Taiwan: High fruit & veg prices push up CPI

In the first 10 months of 2016, fruit and vegetable prices were 20 percent higher in Taiwan, in comparison with last year. This contributed to pushing the overall consumer price index (CPI) higher, the Directorate General of Budget, Accounting and Statistics (DGBAS) said Tuesday 8 November.

In the 10-month period, the CPI rose 1.30 percent year-on-year and food prices were up 5.18 percent.

During the same period, vegetable prices soared 21.23 percent and fruit prices rose 20.33 percent, largely because of bad weather and in particular several typhoons that hit agricultural areas hard.

The food price increase for the 10-month period was the highest since the first 10 months of 2008, when they rose 8.94 percent, the DGBAS said.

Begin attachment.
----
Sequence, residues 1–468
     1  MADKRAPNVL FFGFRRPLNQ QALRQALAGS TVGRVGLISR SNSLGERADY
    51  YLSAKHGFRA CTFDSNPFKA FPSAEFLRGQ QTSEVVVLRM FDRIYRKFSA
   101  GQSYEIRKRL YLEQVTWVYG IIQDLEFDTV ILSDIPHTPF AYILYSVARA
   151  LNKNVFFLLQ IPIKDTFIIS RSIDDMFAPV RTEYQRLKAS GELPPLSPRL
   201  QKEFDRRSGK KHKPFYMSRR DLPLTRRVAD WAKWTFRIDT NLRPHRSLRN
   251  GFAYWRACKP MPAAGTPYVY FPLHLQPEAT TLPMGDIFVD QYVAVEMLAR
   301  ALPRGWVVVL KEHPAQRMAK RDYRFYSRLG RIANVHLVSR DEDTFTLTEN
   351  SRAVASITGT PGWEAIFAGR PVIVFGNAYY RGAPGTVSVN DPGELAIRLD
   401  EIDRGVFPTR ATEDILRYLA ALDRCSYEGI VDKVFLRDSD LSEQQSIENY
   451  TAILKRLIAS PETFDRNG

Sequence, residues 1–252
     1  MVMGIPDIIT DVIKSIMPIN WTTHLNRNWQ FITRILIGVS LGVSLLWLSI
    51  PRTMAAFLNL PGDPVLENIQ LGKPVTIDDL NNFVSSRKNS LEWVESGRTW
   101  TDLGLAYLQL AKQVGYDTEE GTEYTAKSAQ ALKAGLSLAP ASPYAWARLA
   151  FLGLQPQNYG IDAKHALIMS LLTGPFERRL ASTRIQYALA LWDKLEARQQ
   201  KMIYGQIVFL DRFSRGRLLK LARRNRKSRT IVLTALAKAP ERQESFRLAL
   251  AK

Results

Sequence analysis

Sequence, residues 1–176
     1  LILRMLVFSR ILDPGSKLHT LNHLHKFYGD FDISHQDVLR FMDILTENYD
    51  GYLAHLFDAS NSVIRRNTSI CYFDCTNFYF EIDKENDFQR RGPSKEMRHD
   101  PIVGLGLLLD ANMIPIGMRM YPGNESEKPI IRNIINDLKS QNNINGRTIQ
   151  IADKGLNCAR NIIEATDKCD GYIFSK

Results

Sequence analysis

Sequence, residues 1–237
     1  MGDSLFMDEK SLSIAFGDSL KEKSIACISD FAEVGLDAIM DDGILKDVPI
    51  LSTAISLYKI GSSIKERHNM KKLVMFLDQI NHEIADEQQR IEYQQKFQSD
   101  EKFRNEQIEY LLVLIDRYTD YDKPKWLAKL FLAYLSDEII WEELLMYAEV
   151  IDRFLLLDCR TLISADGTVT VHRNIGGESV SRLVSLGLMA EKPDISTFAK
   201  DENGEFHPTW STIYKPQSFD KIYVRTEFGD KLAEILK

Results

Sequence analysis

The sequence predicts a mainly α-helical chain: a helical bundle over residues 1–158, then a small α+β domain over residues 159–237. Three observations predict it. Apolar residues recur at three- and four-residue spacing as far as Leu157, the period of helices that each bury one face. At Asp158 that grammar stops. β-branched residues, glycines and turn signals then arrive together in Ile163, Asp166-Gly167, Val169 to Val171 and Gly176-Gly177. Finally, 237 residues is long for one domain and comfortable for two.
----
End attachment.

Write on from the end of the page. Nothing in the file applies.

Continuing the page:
The increase in vegetable prices was the highest since 2012, when they were up 30.17 percent, while the fruit price rise was the highest since 1992, when they were up 27.20 percent, the DGBAS added.

In October alone, overall inflation was 1.70 percent, with food prices up 5.24 percent, the DGBAS data showed.

The data showed that vegetable prices jumped 24.20 percent and fruit prices gained 7.83 percent in October from a year earlier because of damage from typhoons.

The DGBAS said that due to the vegetable price spike, a household with monthly expenses of NT$60,000 (US$1,905) spent an additional NT$539 on vegetables on average in October, compared with the same period of last year.

Read more at focustaiwan.tw

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